Project description:<h4>Background</h4>Although current chemotherapy regimens have remarkably improved the cure rate of pediatric acute promyelocytic leukemia (APL) over the past decade, more than 20% of patients still die of the disease, and the 5-year cumulative incidence of relapse is 17%. The precise gene pathways that exert critical control over the determination of cell lineage fate during the development of pediatric APL remain unclear.<h4>Methods</h4>In this study, we analyzed miR-125b expression in 169 pediatric acute myelogenous leukemia (AML) samples including 76 APL samples before therapy and 38 APL samples after therapy. The effects of enforced expression of miR-125b were evaluated in leukemic cell and drug-resistant cell lines.<h4>Results</h4>miR-125b is highly expressed in pediatric APL compared with other subtypes of AML and is correlated with treatment response, as well as relapse of pediatric APL. Our results further demonstrated that miR-125b could promote leukemic cell proliferation and inhibit cell apoptosis by regulating the expression of tumor suppressor BCL2-antagonist/killer 1 (Bak1). Remarkably, miR-125b was also found to be up-regulated in leukemic drug-resistant cells, and transfection of a miR-125b duplex into AML cells can increase their resistance to therapeutic drugs,<h4>Conclusions</h4>These findings strongly indicate that miR-125b plays an important role in the development of pediatric APL at least partially mediated by repressing BAK1 protein expression and could be a potential therapeutic target for treating pediatric APL failure.
Project description:OBJECTIVE:This study aimed to investigate the function and mechanism of neddylation of HDAC1 underlying drug resistance of AML cells. METHODS:Evaluation experiments of effects of HDAC1 on drug resistance of AML cells were performed with AML cell transfected with constructs overexpressing HDAC1 or multi-drug resistance AML cells transfected with siRNA for HDAC1 through observing cell viability, percentage of apoptotic cell, doxorubicin-releasing index and multidrug resistance associated protein 1 (MRP1) expression. Neddylation or ubiquitination of HDAC1 was determined by immunoprecipitation or Ni2+ pull down assay followed by western blot. The role of HDAC1 was in vivo confirmed by xenograft in mice. RESULTS:HDAC1 was significantly upregulated in refractory AML patients, and in drug-resistant AML cells (HL-60/ADM and K562/A02). Intracellular HDAC1 expression promoted doxorubicin resistance of HL-60, K562, and primary bone marrow cells (BMCs) of remission AML patients as shown by increasing cell viability and doxorubicin-releasing index, inhibiting cell apoptosis. Moreover, HDAC1 protein level in AML cells was regulated by the Nedd8-mediated neddylation and ubiquitination, which further promoted HDAC1 degradation. In vivo, HDAC1 overexpression significantly increased doxorubicin resistance; while HDACs inhibitor Panobinostat markedly improved the inhibitory effect of doxorubicin on tumor growth. Furthermore, HDAC1 silencing by Panobinostat and/or lentivirus mediated RNA interference against HDAC1 effectively reduced doxorubicin resistance, resulting in the inhibition of tumor growth in AML bearing mice. CONCLUSION:Our findings suggested that HDAC1 contributed to the multidrug resistance of AML and its function turnover was regulated, at least in part, by post-translational modifications, including neddylation and ubiquitination.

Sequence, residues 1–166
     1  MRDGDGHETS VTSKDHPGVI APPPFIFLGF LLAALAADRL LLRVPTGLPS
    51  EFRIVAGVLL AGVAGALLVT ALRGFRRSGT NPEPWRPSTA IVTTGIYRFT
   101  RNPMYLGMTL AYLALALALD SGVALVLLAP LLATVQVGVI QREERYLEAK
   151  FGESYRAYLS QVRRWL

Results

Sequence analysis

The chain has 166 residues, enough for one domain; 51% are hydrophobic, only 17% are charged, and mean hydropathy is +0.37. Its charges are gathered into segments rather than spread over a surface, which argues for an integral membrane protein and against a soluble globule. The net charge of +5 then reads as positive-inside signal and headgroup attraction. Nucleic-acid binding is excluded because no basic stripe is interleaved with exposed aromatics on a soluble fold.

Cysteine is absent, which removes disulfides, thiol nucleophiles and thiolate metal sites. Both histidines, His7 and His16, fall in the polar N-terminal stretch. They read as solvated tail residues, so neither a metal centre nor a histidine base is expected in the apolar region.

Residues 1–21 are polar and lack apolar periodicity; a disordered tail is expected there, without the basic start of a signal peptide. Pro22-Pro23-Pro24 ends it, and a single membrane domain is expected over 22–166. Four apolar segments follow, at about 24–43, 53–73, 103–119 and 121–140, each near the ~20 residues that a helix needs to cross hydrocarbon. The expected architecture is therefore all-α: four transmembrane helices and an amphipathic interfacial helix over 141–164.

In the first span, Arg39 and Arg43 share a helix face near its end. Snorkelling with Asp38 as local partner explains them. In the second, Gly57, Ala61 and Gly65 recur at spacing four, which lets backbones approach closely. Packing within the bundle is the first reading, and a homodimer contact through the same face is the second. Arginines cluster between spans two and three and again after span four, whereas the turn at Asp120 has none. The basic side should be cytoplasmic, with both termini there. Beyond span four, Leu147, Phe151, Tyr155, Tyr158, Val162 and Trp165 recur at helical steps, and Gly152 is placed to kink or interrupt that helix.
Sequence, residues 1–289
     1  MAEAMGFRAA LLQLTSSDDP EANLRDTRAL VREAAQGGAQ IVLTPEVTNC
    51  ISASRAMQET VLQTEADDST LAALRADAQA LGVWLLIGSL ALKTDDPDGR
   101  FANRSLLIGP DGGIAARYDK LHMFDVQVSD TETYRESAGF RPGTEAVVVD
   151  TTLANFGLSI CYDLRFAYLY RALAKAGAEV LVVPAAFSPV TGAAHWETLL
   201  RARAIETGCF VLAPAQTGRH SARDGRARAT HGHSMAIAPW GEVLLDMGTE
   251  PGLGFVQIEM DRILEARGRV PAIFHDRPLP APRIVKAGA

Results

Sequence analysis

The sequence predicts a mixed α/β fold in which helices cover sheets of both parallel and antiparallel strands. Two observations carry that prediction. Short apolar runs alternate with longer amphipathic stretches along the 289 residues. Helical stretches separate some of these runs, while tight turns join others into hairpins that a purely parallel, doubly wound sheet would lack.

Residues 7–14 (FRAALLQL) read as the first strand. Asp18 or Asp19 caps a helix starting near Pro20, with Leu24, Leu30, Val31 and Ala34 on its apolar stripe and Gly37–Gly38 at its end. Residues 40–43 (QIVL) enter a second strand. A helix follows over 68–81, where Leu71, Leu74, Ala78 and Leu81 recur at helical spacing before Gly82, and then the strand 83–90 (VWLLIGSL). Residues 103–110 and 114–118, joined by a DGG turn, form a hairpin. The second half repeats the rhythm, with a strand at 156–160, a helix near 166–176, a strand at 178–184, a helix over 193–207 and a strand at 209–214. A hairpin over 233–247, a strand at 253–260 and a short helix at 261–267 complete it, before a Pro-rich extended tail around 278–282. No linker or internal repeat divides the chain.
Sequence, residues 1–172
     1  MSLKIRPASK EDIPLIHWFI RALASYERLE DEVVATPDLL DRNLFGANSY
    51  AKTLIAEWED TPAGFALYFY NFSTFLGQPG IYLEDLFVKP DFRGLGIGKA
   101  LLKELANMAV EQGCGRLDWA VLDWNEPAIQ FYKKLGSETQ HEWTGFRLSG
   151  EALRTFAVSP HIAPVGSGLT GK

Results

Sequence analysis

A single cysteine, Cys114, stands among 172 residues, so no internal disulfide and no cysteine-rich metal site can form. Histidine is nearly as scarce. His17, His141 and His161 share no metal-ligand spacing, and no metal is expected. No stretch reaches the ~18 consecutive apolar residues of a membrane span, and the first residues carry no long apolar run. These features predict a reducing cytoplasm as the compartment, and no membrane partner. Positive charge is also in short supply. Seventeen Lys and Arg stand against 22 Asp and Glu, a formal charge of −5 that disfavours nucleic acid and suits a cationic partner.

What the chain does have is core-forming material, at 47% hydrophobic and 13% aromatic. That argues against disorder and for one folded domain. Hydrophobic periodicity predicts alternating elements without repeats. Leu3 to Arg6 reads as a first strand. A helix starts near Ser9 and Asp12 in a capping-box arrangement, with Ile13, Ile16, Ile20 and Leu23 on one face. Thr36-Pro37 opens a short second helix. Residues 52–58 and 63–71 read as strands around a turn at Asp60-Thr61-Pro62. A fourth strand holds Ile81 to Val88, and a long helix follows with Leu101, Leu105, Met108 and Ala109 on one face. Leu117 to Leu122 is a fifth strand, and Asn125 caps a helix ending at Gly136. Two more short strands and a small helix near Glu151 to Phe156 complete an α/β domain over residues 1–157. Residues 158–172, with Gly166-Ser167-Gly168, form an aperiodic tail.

Project description:BACKGROUND:While conventional chemotherapy is effective at eliminating the bulk of leukemic cells, chemotherapy resistance in acute myeloid leukemia (AML) is a prevalent problem that hinders conventional therapies and contributes to disease relapse, and ultimately patient death. We have recently shown that allogeneic double negative T cells (DNTs) are able to target the majority of primary AML blasts in vitro and in patient-derived xenograft models. However, some primary AML blast samples are resistant to DNT cell therapy. Given the differences in the modes of action of DNTs and chemotherapy, we hypothesize that DNT therapy can be used in combination with conventional chemotherapy to further improve their anti-leukemic effects and to target chemotherapy-resistant disease. METHODS:Drug titration assays and flow-based cytotoxicity assays using ex vivo expanded allogeneic DNTs were performed on multiple AML cell lines to identify therapy-resistance. Primary AML samples were also tested to validate our in vitro findings. Further, a xenograft model was employed to demonstrate the feasibility of combining conventional chemotherapy and adoptive DNT therapy to target therapy-resistant AML. Lastly, blocking assays with neutralizing antibodies were employed to determine the mechanism by which chemotherapy increases the susceptibility of AML to DNT-mediated cytotoxicity. RESULTS:Here, we demonstrate that KG1a, a stem-like AML cell line that is resistant to DNTs and chemotherapy, and chemotherapy-resistant primary AML samples both became more susceptible to DNT-mediated cytotoxicity in vitro following pre-treatment with daunorubicin. Moreover, chemotherapy treatment followed by adoptive DNT cell therapy significantly decreased bone marrow engraftment of KG1a in a xenograft model. Mechanistically, daunorubicin increased the expression of NKG2D and DNAM-1 ligands on KG1a; blocking of these pathways attenuated DNT-mediated cytotoxicity. CONCLUSIONS:Our results demonstrate the feasibility and benefit of using DNTs as an immunotherapy after the administration of conventional chemotherapy.